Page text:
The Chinese city of Shanghai is a vibrant, energetic place. Rapid population growth and speedy urban development have transformed it from a land awash with flat green farms to a global powerhouse in less than three decades.

Conveniently, this quick transition almost perfectly mirrors that of one of its newest inhabitants, MG. The once iconic British brand has been under the ownership of China’s SAIC Motors since 2007, and in the decade that’s followed has progressed under the guidance of its new state-owned parent company from being a financial state to eyeing half a million sales by the end of this year.

But this domestic success is starkly contrasted by sluggish sales in other markets, like here in Britain, where it’s as if the brand has barely returned to life, having delivered just 4200 cars in 2016. Admittedly, that’s 1000 up on the year before, but still represents just 0.159% of what is a 2.69 million market.

Matthew Cheyne, MG’s UK sales and marketing boss isn’t concerned, because he predicts things to turn around with the launch of the XS – a new Nissan Juke rival – this November. He told Autocar “We had to find our feet and get some products out there. Now we’ve got the GS and [XS] coming, I think output could almost double. We’re looking at reaching 8000 annual sales in Britain”.

MG’s Chinese bosses aren’t concerned either, with SAIC executives proclaiming that their brand will take on the rest of Europe and even has ambitions to expand into US. To cap it off, MG wants to put its E-Motion concept, a striking electric coupé that was revealed last month, into production within three years. It really is aiming for the sky.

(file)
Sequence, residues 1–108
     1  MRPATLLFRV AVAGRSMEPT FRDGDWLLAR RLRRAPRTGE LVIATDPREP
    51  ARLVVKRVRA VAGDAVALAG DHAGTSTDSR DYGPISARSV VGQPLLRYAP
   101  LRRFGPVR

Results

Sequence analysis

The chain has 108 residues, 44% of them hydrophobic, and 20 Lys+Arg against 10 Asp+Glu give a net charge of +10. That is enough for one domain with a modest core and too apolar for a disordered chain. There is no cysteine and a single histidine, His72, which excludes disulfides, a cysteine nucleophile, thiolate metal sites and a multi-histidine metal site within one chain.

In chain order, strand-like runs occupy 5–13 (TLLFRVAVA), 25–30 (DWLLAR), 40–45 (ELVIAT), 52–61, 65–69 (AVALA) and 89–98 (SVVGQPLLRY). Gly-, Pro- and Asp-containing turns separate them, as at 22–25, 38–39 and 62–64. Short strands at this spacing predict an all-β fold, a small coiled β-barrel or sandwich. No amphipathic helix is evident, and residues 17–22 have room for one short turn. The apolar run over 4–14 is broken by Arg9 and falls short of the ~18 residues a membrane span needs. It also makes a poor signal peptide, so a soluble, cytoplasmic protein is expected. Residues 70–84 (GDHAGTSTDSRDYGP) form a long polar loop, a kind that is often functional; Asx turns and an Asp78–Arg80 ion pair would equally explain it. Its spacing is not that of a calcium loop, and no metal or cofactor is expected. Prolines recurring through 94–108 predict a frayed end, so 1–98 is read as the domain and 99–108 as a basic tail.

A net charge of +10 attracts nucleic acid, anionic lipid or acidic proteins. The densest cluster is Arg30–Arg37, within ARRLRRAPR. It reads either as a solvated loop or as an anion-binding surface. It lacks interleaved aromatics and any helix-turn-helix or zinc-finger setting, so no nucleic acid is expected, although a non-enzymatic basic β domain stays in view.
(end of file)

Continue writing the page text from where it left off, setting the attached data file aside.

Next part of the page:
Yet I remain concerned that MG is biting off more than it can chew by making promises it can’t keep. A good example came shortly after the E-Motion’s reveal, when five SAIC executives were unable to explain what type of electric powertrain enabled the concept to achieve its sub 4sec 0-62mph time and 310-mile range.

“We haven’t decided yet,” said one. “That’s something you’ll have to ask the engineers,” said another. We had, and they didn’t know either.

This immediately threw the brand’s claims for production and the car’s performance figures into question – how can they have any performance figures for a car without a drivetrain? It suggests that, despite being labelled as not far from being in a production state, the E-Motion is still in the earliest stages of design. Which means MG has over promised what it has achieved with the car, leading people to question whether it has done the same with the rest of its claims.